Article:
How the Pentagon Plans to Manage Inflation in Contracts
Contracting officers are told to "be mindful" of rising costs but to "limit the scope" of adjustment clauses.
The Defense Department knows cost increases due to inflation may begin to affect contracts. But, according to recent guidance, defense contracting officers are urged to "limit the scope" when using clauses for pay adjustments.
"The current economic environment requires we understand the impacts of inflation to existing contracts and consider various approaches to manage risk of inflation to prospective Department of Defense (DOD) contracts," John Tenaglia, the principal director for Defense Pricing and Contracting, wrote in a memo dated May 25. "Against this backdrop, DOD contractors and contracting officers (COs) alike have expressed renewed interest in using economic price adjustment (EPA) clauses."
Handling cost increases for existing contracts depends on the contract type, and contractors are responsible for notifying DOD when costs are approaching the limits laid out in those agreements, the memo states. But an EPA clause could be a solution, when approached with care, for developing contracts or those in negotiation.
"For contracts being developed or negotiated during this period of unusually high inflation, an EPA clause may be an appropriate tool to equitably balance the risk of inflation between the Government and contractor," Tenaglia wrote. "In crafting an EPA clause, COs must be mindful that the impacts of inflation vary widely, depending on the nature of costs…the CO should take care to use an index that is closely related to the cost components judged to be most unstable."
The document also stresses that "any clause addressing potential contract cost or price changes due to economic conditions, e.g. inflation, is effectively an EPA clause, whether or not the term EPA appears in the clause." Also, contracting officers should "limit the scope" of such clauses to "costs most likely to be impacted by economic fluctuations and should exclude costs that are not likely to be impacted by inflation from adjustment under the clause," such as depreciation, or labor costs where a union agreement exists.
The memo comes as inflation costs hit everyday items and services, such as gasoline and food costs, and as defense officials and congressional leaders push for more funding in the budget for 2023 to offset higher costs.
Adm. Michael Gilday, the chief of naval operations, told the House Armed Services Committee during a May budget hearing that inflation "adds another stressor to this budget." Gen. James McConville, the Army's chief of staff, also told the committee in a separate hearing that he was "very concerned about the impact of inflation on our soldiers and families" particularly regarding proposed pay increases that would be eclipsed by current inflation rates.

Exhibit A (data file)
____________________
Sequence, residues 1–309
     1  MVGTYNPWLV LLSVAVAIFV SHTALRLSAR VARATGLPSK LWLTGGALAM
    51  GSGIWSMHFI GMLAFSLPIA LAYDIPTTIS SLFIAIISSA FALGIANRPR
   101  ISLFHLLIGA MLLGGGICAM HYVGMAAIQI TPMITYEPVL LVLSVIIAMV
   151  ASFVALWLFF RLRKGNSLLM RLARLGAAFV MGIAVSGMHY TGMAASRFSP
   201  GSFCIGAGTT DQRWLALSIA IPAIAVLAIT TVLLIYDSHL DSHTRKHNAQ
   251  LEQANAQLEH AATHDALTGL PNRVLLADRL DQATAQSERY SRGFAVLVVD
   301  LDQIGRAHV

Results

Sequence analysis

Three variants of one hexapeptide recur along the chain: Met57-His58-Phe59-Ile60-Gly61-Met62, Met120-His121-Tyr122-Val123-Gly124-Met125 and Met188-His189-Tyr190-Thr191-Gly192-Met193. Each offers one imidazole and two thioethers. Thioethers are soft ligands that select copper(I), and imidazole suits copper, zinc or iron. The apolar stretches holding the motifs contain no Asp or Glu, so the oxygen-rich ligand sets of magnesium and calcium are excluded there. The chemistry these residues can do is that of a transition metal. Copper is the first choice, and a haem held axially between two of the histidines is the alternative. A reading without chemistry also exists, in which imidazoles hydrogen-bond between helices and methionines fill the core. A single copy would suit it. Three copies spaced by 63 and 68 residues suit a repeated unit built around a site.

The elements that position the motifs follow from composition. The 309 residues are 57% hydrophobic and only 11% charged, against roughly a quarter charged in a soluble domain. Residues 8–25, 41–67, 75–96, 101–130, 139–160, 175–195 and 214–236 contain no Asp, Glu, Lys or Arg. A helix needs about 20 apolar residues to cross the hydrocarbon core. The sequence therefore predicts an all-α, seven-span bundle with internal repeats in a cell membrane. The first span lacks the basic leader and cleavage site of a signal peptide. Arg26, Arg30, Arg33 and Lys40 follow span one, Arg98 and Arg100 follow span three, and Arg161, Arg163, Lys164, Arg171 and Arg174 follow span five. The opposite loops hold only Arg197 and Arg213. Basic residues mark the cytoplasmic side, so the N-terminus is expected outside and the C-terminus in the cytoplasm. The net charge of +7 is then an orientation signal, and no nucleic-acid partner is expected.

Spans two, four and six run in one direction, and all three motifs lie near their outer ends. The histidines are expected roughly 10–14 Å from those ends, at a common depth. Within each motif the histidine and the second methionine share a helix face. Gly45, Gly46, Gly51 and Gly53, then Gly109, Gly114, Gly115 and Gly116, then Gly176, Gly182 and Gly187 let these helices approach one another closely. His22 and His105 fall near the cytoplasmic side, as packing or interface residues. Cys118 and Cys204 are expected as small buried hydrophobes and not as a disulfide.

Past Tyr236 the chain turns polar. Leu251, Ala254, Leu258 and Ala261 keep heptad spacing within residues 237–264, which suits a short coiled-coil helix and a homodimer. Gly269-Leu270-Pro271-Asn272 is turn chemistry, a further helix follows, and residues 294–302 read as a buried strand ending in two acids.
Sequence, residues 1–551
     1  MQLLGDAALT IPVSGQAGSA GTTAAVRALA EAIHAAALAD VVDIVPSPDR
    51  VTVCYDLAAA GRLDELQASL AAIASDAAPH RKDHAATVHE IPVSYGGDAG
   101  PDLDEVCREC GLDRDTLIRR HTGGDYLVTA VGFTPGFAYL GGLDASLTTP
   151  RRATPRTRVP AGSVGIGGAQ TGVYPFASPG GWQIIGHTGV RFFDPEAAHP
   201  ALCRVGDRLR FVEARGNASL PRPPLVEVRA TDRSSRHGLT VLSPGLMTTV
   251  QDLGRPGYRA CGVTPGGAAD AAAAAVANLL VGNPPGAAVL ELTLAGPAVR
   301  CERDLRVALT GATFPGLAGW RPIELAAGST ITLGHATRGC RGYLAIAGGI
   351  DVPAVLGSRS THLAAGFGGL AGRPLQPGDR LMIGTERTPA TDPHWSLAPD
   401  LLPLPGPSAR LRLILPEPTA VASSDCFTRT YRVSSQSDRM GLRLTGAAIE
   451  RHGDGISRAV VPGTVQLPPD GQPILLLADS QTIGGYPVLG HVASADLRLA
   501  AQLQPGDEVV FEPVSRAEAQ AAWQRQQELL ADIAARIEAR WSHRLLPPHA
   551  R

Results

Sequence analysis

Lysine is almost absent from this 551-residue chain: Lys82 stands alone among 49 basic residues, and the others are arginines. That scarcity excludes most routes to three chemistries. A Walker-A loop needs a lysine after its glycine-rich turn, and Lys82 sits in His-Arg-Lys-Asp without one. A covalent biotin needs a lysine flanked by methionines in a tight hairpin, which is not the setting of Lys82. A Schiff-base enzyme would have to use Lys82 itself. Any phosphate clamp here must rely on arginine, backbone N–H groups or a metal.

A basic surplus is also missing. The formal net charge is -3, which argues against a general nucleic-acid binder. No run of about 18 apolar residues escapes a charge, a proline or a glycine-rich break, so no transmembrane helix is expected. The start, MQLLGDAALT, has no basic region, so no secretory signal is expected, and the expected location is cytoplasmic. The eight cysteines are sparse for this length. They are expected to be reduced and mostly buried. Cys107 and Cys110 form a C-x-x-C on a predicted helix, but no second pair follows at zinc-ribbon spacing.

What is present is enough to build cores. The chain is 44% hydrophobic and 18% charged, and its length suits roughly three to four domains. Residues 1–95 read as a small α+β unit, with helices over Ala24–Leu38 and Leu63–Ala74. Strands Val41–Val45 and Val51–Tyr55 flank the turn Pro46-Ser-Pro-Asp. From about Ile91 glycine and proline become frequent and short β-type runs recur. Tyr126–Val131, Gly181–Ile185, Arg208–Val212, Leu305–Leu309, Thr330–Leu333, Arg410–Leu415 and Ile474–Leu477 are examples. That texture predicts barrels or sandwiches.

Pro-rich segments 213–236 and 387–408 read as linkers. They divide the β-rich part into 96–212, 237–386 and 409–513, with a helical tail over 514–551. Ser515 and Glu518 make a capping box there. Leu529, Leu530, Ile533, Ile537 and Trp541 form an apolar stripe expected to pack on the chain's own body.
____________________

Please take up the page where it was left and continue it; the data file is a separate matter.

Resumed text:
"The budget was planned around about a 2% inflation rate," McConville said, "we wanted to give our soldiers and families, and our civilians, a 4.6% pay raise that was based on the employment cost index…And that number is a lot less than 8%."
DOD estimated cost growth from fiscal 2022 to 2023 based on the gross domestic product price index to be around 2.2%, the Pentagon noted in a letter to Republican leaders dated May 2. The letter also notes that the 2023 budget request added $20 billion per year to protect buying power and account for compensation increases, while also acknowledging that "adjustments may be needed as prices fluctuate."
Ranking members on the defense committees, Sen. Jim Inhofe (R-Okla.) and Rep. Mike Rogers (R-Ala.), criticized the Pentagon for not taking precautions against potential effects of inflation and resurfaced calls for a budget increase above inflation rates.
"Overall, we are concerned that the Department is not taking a proactive stance to mitigate the harmful effects of inflation," the ranking members wrote in a statement May 4 following the Pentagon's response to an inquiry.
"Remember: At the end of the day, getting the inflation number right is important, but it's only part of the story. If we want to protect our country and meet national security needs, we need 3 to 5 percent real growth above inflation. We plan to accomplish this goal in this year's NDAA."